The ZRT Laboratory Blog

The ZRT Blog is an extensive resource for patients and health care providers searching for health and hormone testing information. Here, you can read about ZRT’s cutting edge research, advances in testing, wellness advice, and health industry highlights.

Estrogen: The Link Between Microbiome, Menopause & Metabolic Health

Posted by Dr. Kate Placzek on Saturday, 23 September

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The diversity of the microbiome has profound implications for metabolic health. The micro-organisms that we host in our gastrointestinal tract maintain our gut integrity, break down complex carbohydrates to improve energy extraction from food, produce vitamins and minerals, aid in digestion and absorption, ferment dietary fibers and protect us against pathogens. Maintaining a delicate balance in the diversity of the host-microbiome relationship is crucial for disease prevention and healthy aging. 

Studies on the microbiome are emerging as a new and exciting frontier of science. However, how the microbiome interacts with the endocrine system to modulate metabolic health is still one of the less explored avenues in microbiome research. This blog aims to shed light on the intertwined roles of gut microbiota and estrogen on metabolic health for women as they transition into menopause.

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Hyperinsulinemia vs Hyperglycemia - the Story of PCOS & Obesity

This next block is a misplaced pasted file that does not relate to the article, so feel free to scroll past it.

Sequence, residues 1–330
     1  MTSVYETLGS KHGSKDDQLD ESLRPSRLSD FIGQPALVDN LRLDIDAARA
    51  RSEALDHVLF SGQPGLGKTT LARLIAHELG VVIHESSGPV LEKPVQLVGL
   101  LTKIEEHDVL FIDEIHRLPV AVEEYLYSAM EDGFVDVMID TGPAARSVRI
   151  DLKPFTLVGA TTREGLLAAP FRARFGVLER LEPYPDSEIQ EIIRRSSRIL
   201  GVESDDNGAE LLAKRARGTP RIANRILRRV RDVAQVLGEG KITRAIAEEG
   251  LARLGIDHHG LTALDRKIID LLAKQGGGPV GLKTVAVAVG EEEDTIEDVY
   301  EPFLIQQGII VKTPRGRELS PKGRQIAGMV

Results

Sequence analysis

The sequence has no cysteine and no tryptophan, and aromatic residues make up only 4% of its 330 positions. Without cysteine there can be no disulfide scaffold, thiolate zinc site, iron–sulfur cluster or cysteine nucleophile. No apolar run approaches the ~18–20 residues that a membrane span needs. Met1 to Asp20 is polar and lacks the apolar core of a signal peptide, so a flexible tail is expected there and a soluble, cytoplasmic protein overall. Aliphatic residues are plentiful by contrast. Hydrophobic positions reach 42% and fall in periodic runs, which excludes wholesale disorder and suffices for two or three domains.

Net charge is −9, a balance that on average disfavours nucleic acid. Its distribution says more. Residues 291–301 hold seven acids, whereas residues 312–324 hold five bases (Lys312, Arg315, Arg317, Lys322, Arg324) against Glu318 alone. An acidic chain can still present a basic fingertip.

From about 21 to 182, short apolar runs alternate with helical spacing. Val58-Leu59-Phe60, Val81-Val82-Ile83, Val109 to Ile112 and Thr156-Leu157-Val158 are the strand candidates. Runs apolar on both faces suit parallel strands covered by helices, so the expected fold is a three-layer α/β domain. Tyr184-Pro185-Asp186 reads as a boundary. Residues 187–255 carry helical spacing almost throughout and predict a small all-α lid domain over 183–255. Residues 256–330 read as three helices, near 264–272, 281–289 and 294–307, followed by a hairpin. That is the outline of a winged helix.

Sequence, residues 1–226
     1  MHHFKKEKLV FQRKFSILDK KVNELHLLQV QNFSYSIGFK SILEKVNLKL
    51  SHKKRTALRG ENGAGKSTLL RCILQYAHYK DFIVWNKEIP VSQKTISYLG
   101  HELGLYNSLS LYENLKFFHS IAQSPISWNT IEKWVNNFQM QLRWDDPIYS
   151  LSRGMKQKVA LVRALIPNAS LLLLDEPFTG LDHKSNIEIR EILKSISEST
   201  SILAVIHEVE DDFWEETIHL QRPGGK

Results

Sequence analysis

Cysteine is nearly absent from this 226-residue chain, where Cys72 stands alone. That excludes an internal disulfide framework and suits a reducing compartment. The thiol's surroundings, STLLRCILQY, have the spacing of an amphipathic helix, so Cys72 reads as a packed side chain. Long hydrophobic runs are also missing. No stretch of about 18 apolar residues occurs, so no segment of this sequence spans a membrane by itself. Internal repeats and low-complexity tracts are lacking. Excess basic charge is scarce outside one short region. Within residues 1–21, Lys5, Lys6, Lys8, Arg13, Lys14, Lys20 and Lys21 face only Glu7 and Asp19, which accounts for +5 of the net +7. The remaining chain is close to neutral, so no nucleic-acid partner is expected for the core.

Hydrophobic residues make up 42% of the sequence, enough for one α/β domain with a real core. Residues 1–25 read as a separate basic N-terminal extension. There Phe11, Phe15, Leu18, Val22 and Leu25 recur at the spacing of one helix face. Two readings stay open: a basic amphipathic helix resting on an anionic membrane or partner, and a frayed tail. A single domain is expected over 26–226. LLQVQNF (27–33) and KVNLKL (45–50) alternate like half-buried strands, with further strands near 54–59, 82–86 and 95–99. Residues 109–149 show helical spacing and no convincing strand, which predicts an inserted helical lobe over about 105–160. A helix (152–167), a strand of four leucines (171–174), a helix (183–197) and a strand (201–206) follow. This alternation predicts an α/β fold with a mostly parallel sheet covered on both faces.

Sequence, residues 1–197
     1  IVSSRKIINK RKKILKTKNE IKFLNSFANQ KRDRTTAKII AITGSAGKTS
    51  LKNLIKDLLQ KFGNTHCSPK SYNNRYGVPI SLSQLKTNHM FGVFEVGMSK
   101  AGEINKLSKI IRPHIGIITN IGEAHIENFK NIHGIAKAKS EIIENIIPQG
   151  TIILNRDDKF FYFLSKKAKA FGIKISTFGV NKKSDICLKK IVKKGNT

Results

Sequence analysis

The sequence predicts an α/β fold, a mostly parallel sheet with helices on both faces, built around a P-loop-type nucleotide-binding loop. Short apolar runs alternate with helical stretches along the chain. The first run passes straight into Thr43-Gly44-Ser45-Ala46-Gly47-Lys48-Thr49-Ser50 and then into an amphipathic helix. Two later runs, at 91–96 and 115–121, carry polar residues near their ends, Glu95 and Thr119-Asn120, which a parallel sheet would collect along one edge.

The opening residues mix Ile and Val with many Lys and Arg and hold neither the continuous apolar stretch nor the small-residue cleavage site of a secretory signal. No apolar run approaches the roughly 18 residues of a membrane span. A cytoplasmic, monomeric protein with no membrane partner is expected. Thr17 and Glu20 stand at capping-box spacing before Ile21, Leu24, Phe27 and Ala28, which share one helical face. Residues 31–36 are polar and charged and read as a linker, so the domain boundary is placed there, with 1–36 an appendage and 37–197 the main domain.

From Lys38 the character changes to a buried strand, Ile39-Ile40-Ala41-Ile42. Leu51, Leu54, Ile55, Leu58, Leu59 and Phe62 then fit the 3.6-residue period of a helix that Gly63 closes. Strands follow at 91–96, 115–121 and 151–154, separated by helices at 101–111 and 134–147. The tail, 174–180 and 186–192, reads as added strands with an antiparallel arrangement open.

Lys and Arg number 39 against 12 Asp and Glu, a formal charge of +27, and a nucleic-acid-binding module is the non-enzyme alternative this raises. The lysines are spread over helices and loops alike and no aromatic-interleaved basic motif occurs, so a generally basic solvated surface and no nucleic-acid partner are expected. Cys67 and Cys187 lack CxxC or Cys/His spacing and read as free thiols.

Posted by Dr. Alison McAllister on Wednesday, 20 January

Hyperinsulinemia vs Hyperglycemia with PCOS and ObesityMany times when I am talking to a practitioner about a patient with PCOS and/or weight issues, I commonly get the response – "His/her blood sugar is normal." However, when we are looking at the health of PCOS and weight-challenged patients, their insulin response is of primary importance, and not just their blood sugar.

When we are fasting, both blood sugar and insulin levels should be at a steady state. Blood sugar is generally between 70-90 mg/dL and insulin levels between 1-8 µIU/mL. When we eat a meal, blood sugar increases. In response, insulin is produced by the pancreatic beta cells to help shepherd glucose into all cells to be used as energy.

Within 2 hours, insulin and glucose levels should have essentially returned to normal. Thus, our cells’ exposure to glucose and insulin is only for short blips of time within a 24 hour cycle. Excess glucose that is not used for energy is stored as glycogen in the liver and muscle cells to be used for energy between meals, where it is rapidly available for sudden energy needs such as "fight or flight" situations; but once these stores are full, the body stores extra glucose as fat in adipose cells and we gain weight.

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What You Need to Know about Stress, Hormones And Weight Gain

Posted by Dr. Sanjay Kapur on Tuesday, 05 August

blog-sk-080614There’s a famous quote that strikes me as particularly appropriate for a conversation about stress. It speaks to what is most surprising about humanity:

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The Hidden Truth About Hormones And Weight Gain: Your Top 10 Questions

Posted by Candace Burch on Tuesday, 26 November

Watch the Webinar weight loss for newsletter 1.2015Weight management is a topic that generates a lot of questions. There are many contributing factors, and if diet and exercise haven't worked for you, there may be underlying causes to consider.

Hormone imbalance is one of them, so I've answered 10 of the most frequently asked questions that arise when patients start to think about getting tested.

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